Leukaemia is any of several types of cancer in which there is a disorganized proliferation of abnormal white blood cells in the bone marrow.This increase in white cells interferes with production of normal blood cells in the marrow. A reduced number of red blood cells leads to anaemia, while a reduction in normal white cells increases the body’ s susceptibility to infection. Inadequate numbers of platelets may cause abnormal bleeding.
Also, organs such as the liver, spleen, lymph nodes, or brain may cease to function properly if they become infiltrated by abnormal cells. Leukaemias are classified as acute or chronic (acute types generally develop faster than chronic).
They are also classified according to the type of white cell that is proliferating abnormally. If the abnormal cells are lymphocytes or lymphoblasts (precursors of lymphocytes), the leukaemia is called lymphocytic or lymphoblastic leukaemia. If the abnormal cells are derived from other types of white cell or their precursors, the disease is called myeloid, myeloblastic, or granulocytic leukaemia.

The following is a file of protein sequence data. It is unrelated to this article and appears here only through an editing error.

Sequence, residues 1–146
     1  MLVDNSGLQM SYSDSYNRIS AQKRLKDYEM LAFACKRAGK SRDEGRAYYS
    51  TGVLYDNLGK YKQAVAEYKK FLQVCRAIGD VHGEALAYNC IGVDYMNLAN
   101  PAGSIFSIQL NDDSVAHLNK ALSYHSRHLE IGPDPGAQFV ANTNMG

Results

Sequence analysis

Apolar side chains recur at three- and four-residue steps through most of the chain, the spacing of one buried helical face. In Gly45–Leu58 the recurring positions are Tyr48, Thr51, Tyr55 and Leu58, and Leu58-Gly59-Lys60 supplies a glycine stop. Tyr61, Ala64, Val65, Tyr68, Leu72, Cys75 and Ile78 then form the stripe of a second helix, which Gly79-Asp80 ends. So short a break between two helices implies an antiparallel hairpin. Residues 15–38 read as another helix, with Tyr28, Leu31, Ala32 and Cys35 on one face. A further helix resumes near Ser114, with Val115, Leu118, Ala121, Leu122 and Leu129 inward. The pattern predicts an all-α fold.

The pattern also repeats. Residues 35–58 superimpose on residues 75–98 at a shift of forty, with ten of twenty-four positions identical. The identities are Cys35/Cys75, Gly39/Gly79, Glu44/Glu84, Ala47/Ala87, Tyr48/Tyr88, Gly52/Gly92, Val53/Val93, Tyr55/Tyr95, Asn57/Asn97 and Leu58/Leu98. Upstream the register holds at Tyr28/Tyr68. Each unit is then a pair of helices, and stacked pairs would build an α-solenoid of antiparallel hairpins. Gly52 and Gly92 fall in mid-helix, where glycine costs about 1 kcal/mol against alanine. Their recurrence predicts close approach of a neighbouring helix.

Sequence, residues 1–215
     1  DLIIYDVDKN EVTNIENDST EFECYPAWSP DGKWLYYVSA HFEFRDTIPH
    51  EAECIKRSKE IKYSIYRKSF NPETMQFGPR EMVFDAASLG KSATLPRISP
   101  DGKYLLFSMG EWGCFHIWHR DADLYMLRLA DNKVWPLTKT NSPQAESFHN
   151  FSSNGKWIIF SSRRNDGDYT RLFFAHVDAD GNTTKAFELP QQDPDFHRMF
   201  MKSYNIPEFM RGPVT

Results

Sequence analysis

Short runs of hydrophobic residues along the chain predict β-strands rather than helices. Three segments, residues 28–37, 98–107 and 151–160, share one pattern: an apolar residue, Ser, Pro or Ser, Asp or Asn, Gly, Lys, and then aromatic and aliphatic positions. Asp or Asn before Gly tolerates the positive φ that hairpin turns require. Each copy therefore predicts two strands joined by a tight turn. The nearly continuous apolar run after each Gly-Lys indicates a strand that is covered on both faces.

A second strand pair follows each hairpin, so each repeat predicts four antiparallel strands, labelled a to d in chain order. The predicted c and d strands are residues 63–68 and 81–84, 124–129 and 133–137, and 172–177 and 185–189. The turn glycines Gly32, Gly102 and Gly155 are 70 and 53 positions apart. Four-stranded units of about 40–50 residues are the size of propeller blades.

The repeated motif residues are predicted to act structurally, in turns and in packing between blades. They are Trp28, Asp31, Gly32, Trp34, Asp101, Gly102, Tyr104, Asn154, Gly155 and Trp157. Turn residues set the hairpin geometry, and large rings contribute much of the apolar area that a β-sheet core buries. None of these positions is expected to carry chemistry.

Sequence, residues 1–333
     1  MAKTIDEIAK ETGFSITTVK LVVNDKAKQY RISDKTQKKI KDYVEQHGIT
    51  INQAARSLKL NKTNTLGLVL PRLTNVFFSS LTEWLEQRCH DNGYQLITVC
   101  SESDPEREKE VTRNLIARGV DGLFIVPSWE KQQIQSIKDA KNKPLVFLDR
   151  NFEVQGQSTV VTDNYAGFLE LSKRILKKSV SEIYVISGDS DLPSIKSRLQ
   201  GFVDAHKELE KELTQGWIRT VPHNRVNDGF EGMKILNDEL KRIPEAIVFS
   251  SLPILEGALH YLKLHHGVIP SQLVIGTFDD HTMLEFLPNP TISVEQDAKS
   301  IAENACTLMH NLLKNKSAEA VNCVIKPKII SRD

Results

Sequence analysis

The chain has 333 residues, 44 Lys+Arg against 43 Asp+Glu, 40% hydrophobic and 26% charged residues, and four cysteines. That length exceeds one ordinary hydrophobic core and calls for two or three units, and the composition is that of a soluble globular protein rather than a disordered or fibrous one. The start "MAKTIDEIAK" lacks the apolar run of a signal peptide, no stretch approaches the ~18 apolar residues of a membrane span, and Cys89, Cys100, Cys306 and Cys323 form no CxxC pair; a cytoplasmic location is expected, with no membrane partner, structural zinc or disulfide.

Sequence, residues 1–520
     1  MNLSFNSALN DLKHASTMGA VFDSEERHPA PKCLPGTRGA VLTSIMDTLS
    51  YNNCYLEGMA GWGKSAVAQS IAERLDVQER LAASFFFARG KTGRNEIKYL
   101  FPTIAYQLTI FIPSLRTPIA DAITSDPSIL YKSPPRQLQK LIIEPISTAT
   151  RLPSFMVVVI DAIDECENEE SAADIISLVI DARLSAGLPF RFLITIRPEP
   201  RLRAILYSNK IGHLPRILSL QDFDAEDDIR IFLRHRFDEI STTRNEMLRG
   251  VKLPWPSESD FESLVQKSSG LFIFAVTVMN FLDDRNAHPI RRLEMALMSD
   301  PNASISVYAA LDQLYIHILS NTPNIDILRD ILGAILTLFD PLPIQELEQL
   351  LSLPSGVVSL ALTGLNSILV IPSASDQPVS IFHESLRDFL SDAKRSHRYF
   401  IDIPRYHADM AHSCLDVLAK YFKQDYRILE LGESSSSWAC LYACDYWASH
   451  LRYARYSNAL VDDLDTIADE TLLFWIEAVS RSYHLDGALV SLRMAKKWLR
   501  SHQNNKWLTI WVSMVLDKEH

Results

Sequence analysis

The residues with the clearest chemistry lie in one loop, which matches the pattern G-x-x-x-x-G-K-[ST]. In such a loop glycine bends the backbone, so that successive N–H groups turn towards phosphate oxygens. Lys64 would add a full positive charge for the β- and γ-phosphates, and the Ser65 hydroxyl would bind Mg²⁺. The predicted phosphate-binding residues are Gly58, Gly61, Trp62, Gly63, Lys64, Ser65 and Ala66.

A type of leukaemia in which excessive numbers of immature white blood cells called blasts are produced in the bone marrow. If left untreated, acute leukaemia can cause death within a few weeks or months.
The abnormal cells may be of two main types: lymphoblasts (immature lymphocytes) in acute lymphoblastic leukaemia, or ALL, and myeloblasts (immature forms of other types of white blood cell) in acute myeloblastic leukaemia, or AML.